The Green Party is also proposing a six month trial of free public transport transfers in Wellington city in this 2016/17 financial year. Free transfers are proposed ahead of integrated ticketing package. This will assist public transport users to transfer now on routes within Wellington city with a minimum of fuss and cost.
At the moment a customer is penalized, if he or she switches between companies to get to their destination. Free transfers could lead to fewer cars clogging the inner city streets, a friendlier cityscape, with more people coming shopping or visiting cafes, and more retail sales. This would also mean a student could access Victoria University with just one ticket.
The Valley Flyer already has free transfers in the Hutt Valley and Go Wellington could do exactly the same thing for Wellington City commuters by taking this common sense step, facilitating the implementation of bus route changes recommended in the Wellington Bus Review.
Full background details:
3. Half price student bus fares
The Green Party supports the proposal from the Victoria University Students Association for half price student fares region wide. Students are often living in financial hardship and are in many cases dependent on public transport to get to work or study. Discounted fares, as offered in Auckland would help students financially and reduce vehicle traffic and congestion on our roads.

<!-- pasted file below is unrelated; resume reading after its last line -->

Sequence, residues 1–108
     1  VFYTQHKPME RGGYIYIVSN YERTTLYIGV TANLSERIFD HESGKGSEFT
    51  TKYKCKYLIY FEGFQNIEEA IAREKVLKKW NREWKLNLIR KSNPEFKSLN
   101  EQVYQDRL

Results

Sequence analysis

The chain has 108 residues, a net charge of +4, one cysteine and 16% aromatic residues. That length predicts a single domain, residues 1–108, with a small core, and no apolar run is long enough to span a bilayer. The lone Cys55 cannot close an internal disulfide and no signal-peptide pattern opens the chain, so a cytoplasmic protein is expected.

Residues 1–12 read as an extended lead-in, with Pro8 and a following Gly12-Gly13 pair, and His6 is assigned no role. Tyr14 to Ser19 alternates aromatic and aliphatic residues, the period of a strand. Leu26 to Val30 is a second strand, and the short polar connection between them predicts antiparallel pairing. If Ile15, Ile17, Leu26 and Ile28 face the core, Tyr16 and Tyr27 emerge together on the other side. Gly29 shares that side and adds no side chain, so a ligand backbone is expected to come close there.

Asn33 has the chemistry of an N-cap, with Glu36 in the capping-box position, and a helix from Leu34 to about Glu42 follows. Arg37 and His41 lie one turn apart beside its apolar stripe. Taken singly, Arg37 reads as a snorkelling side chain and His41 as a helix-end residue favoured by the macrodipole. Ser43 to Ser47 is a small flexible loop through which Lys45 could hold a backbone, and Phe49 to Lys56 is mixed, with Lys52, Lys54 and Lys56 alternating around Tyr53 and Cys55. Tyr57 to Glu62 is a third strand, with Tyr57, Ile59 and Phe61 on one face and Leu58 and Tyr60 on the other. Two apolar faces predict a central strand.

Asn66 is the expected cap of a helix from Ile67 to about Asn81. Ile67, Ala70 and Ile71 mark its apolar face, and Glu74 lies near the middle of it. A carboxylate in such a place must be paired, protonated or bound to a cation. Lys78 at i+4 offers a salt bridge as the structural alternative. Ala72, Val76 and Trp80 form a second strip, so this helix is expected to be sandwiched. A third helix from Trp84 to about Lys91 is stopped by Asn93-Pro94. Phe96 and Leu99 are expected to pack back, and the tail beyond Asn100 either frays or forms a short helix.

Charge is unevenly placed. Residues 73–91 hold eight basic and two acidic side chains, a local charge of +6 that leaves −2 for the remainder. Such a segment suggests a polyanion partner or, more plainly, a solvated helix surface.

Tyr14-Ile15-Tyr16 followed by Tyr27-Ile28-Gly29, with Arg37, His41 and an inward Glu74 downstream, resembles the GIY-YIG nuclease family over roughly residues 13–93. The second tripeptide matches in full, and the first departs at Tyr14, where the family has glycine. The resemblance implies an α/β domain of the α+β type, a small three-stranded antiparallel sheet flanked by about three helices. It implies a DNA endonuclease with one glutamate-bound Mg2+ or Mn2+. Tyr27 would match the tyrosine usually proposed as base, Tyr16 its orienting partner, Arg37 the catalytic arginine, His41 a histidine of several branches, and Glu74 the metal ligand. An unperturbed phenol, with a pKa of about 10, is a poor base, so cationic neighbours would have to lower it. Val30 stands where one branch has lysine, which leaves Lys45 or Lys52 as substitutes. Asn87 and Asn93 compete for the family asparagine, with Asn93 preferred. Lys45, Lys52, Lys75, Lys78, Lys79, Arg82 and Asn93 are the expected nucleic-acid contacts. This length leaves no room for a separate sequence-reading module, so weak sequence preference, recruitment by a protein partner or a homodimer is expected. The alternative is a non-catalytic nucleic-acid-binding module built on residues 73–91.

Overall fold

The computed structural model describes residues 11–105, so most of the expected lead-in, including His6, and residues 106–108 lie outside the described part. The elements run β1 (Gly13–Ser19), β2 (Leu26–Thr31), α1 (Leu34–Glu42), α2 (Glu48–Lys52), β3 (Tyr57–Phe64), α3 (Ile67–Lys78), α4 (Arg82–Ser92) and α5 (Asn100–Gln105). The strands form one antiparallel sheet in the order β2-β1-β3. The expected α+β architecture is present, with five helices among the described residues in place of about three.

Free or discounted fares are already offered to other groups in society and for an estimated cost of $2 million the region could help its students to use public transport. Wellington City Council has already met the challenge put by the Regional Council to help fund this initiative. Support this move through through their Long Term Plans.
4. Cleaning up the bus fleet
The Green Party want to see clean, modern, low pollution buses on our streets. Reducing pollution from buses is good for the liveability of our city – both in terms of reducing the negative health effects of particulate pollution and making our streets nicer places to be.
The Green Party is proposing to require bus operators to comply with new national emissions standards for buses, and to remove all dirty diesel buses that do not meet a minimum Euro 3 emissions standard over the next two years.
Currently the Wellington bus fleet includes 206 buses that do not meet the national standard or the Euro 3 standard for pollution. 41 of those don’t meet any emissions standard at all. Additional the Green Party supports keeping Wellingtons clean electric trolley buses in service, and used as a transition to zero emission electric battery buses.
5. Safer school buses
The Green Party believes children and parents have a right to know that the bus their children take to school and back is safe and not endangering their health.
Currently older buses with low pollution standards that are 20 years, and no longer allowed to be used by operators to carry adults, are used as school runs, putting kids at greater risks from particulate pollution from the older, dirtier diesel engines.
The Green Party is proposing bus operators are required to remove all buses that are more than 20 years old from the school bus fleet; and upgrade all school buses to a minimum Euro 3 emissions standard over the next two years.
See Sue Kedgley¹s article in the Dompost: